A strange, quiet Penn Station the day after deadly Amtrak derailment – Metro US

A strange, quiet Penn Station the day after deadly Amtrak derailment

A strange, quiet Penn Station the day after deadly Amtrak derailment
Miles Dixon/Metro

Penn Station at noon is usually just as busy as the midtown streets surrounding it. But the day after the fatal Amtrak train derailment that killed seven people and injured many more, the usually bustling hub was eerily quiet.

The Amtrak waiting concourse, so packed with people on a normal day that it’s impossible to walk in a straight line from one side to the other, had just a few dozen travellers waiting to go to Boston and to Trenton. At the platforms serving Philadelphia and Washington D.C. – some of the most well travelled routes in the country on a daily basis – the lines of people were conspicuously absent.

Over at the Amtrak service windows, however, the line was growing gradually longer – some people arriving in a state of confusion about whether their trains were running (they weren’t) and others resigned to just getting a refund and making other plans (plane tickets were getting pricier by the hour, one commuter told Metro).

Jeanette Amara, 43, is on holiday from Norway. She booked a flight to D.C. – she needs to get there by Friday to catch her flight home. But the real issue for her is the quality of service from Amtrak staff for stranded travellers.

“What I am a bit surprised by is the lack of service by the Amtrak people. I have been here three times today and I am surprised by the lack of people serving the line. The first woman was really rude and said I should come back on Friday but I told her Friday would be too late. I know it’s tough to answer the questions but there should be a better way to do it than the way they are handling it,” she said.

One bewildered couple walked away from the service windows with “Greyhound” scrawled across their printed Amtrak ticket. They discussed intently among themselves what they should do next.

A scattering of travelers stood glancing anxiously at the billboard – for a handful of people trying to get back home to Philadelphia the best solution seemed to be re-routing via New Jersey, and then improvising from there, perhaps with a rental car or perhaps with a bus.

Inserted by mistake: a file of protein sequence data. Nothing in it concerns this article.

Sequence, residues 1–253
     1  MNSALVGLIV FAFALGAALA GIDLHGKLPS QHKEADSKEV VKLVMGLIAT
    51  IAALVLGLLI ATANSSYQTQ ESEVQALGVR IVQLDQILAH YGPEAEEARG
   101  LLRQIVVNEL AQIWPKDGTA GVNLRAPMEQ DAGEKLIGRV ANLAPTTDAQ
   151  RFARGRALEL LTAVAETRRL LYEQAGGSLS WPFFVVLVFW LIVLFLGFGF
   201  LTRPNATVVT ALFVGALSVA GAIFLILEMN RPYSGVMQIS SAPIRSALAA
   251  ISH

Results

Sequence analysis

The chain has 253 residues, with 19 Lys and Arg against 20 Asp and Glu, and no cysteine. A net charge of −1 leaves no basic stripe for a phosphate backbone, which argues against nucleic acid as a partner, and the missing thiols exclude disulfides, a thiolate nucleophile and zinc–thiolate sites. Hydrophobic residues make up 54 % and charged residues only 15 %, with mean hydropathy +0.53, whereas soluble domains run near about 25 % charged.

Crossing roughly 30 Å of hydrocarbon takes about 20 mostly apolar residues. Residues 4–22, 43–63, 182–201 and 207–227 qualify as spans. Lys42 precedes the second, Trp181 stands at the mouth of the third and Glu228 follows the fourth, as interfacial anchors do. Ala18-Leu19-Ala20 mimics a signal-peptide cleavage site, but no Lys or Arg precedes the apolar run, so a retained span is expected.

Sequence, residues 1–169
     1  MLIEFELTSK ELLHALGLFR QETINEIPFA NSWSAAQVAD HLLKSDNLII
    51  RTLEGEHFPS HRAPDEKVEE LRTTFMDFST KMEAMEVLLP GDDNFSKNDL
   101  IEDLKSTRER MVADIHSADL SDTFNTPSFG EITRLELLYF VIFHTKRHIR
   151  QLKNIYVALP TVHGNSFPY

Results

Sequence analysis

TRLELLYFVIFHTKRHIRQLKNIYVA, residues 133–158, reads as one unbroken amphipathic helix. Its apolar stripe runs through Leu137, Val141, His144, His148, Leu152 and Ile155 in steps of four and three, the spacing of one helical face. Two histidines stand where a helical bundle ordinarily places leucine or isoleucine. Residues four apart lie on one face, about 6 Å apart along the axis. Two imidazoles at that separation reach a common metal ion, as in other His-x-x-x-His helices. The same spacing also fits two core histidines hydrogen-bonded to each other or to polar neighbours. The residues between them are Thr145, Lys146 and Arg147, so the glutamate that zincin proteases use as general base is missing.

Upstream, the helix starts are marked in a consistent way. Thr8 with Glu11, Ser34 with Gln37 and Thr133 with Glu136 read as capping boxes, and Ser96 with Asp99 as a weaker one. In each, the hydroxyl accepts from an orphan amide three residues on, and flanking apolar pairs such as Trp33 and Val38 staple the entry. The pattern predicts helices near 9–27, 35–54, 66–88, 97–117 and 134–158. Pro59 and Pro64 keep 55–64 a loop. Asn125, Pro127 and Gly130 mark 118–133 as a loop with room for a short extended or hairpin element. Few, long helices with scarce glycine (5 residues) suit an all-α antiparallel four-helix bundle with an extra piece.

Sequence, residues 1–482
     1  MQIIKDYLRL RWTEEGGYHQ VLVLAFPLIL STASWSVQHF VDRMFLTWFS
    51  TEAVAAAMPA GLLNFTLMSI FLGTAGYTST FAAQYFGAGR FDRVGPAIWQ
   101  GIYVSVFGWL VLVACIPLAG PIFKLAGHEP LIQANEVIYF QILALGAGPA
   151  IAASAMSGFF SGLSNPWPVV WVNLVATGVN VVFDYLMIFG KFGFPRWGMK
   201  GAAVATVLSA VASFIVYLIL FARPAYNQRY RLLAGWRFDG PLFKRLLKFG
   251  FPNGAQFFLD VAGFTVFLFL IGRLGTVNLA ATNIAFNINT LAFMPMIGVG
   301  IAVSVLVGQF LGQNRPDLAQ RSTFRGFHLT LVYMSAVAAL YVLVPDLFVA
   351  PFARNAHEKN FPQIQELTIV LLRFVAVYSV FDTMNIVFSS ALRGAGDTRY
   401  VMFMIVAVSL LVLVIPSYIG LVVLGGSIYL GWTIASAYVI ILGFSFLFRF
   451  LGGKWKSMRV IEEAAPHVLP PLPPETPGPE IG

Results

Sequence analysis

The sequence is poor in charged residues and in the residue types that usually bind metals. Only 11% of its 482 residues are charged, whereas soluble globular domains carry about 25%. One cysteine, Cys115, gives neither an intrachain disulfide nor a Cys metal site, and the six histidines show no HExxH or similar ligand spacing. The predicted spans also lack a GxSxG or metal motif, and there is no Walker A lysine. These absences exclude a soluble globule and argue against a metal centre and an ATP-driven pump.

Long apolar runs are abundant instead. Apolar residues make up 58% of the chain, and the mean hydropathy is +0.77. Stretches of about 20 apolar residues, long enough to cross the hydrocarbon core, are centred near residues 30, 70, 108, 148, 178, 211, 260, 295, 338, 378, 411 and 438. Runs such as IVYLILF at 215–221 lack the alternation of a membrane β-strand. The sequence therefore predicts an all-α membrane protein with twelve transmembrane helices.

Steve Mullin, 59, runs a consulting company in Philadelphia – he was one of those commuters. He said his wife and kids are keeping him posted on the news while they anxiously wait for him to make his way home from a business trip to Boston.

“I was planning on coming back last night – one of my colleagues did – and they stopped in Trenton. Fortunately he was like 15 minutes before the crash. It definitely made me think more than once about it [taking the train] but I still consider it pretty safe. I’ve taken that Amtrak back and forth to new York and I live about two miles away from where the crash was in Philadelphia,” he said.

Leah Van Voorhees, 27, was waiting to get home to Vermont – though her train was not directly affected, she said she was definitely a bit shaken up when she heard about the derailment.

“I just heard about it. Six people died, right? It’s so sad. It doesn’t make you want to get on a train, that’s for sure,” she said, “I’m glad I didn’t see it before because I probably would have panicked.”

With Amtrak service between New York, Philadelphia and D.C. not expected to be back on schedule any time this week, it seems certain that it will be a while before before Penn Station is back to its hectic routine again.